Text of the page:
Vishayi, aka: Viṣayī; 2 Definition(s)
Vishayi means something in Marathi. If you want to know the exact meaning, history, etymology or English translation of this term then check out the descriptions on this page. Add your comment or reference to a book if you want to contribute to this summary article.
Languages of India and abroad
viṣayī (विषयी).—a (S) Attached to objects of sense, carnal, sensual; a sensualist, voluptuary, epicurean, worldling. 2 That disbelieves the existence of that which is not cognizable by the senses. 3 That of which a thing is the object or the subject.Source: DDSA: The Molesworth Marathi and English Dictionary
viṣayī (विषयी).—a Sensual; a sensualist.Source: DDSA: The Aryabhusan school dictionary, Marathi-English
Marathi is an Indo-European language having over 70 million native speakers people in (predominantly) Maharashtra India. Marathi, like many other Indo-Aryan languages, evolved from early forms of Prakrit, which itself is a subset of Sanskrit, one of the most ancient languages of the world.
Search found 3 related definition(s) that might help you understand this better. Below you will find the 15 most relevant articles:
Viṣaya (विषय, “object”).—What is the meaning of ‘nature of the objects identified’ (viṣaya)? Th...
Viṣayapati (collector) is the official title of a minister belonging of the administration of t...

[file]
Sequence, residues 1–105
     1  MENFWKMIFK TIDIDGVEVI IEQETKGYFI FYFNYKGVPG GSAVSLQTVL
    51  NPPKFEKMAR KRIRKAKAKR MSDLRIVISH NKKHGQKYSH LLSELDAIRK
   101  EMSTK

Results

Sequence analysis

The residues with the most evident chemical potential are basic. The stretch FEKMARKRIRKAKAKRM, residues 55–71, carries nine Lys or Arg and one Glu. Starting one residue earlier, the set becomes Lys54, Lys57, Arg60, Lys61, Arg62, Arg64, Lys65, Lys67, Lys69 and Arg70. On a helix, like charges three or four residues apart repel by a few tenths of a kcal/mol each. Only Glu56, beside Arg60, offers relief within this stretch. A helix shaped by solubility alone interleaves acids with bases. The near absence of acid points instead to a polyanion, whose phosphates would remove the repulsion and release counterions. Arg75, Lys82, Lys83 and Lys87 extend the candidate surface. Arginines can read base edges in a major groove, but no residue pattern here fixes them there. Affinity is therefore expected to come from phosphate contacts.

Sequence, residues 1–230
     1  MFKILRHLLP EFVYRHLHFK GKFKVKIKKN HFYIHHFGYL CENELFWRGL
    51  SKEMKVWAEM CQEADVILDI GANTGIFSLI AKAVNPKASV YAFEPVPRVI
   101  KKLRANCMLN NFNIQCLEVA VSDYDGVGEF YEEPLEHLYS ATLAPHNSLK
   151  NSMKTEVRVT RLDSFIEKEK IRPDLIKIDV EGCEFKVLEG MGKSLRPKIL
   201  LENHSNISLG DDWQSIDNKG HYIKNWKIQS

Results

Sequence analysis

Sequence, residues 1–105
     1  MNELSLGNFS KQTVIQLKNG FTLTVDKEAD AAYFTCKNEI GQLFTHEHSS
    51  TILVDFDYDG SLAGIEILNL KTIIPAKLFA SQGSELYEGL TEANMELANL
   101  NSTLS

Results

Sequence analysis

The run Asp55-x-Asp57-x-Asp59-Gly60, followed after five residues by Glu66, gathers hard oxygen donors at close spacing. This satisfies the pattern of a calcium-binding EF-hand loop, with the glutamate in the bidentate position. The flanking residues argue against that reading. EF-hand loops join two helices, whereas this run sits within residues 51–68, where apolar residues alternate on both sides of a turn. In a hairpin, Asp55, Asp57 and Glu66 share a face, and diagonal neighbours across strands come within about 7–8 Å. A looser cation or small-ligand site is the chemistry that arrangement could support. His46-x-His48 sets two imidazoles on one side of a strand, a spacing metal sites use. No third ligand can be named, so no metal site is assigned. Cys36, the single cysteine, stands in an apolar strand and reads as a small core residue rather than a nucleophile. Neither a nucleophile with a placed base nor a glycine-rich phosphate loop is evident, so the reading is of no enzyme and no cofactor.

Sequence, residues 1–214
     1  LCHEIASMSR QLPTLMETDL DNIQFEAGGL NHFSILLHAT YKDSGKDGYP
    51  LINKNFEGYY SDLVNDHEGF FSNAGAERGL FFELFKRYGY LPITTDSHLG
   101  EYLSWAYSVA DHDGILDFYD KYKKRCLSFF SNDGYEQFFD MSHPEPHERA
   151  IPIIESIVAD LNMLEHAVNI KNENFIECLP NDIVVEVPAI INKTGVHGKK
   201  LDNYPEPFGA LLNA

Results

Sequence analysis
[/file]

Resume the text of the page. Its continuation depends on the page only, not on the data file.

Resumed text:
Aviṣaya (अविषय, “non-object”).—Viṣaya (object) means that which is knowable. To comment on Sāṃk...
Search found books containing Vishayi or Viṣayī. You can also click to the full overview containing English textual excerpts. Below are direct links for the most relevant articles:
A History of Indian Philosophy Volume 4 (by Surendranath Dasgupta)
Part 6 - Topics of Vallabha Vedānta as explained by Vallabha’s followers < [Chapter XXXI - The Philosophy of Vallabha]
Part 2 - Pramānas (ways of valid knowledge) < [Chapter XXVII - A General Review of the Philosophy of Madhva]
The Buddhist Philosophy of Universal Flux (by Satkari Mookerjee)
Chapter XX - Self-cognition (Svasaṃvedanam) < [Part II - Logic and Epistemology]
Chapter XXVI - Negative Judgment < [Part II - Logic and Epistemology]
A History of Indian Philosophy Volume 2 (by Surendranath Dasgupta)
Part 2 - Thought and its Object in Buddhism and in Vedānta < [Chapter XI - The Śaṅkara School of Vedānta (continued)]
- Was this explanation helpful? Leave a comment:
Make this page a better place for research and define the term yourself in your own words.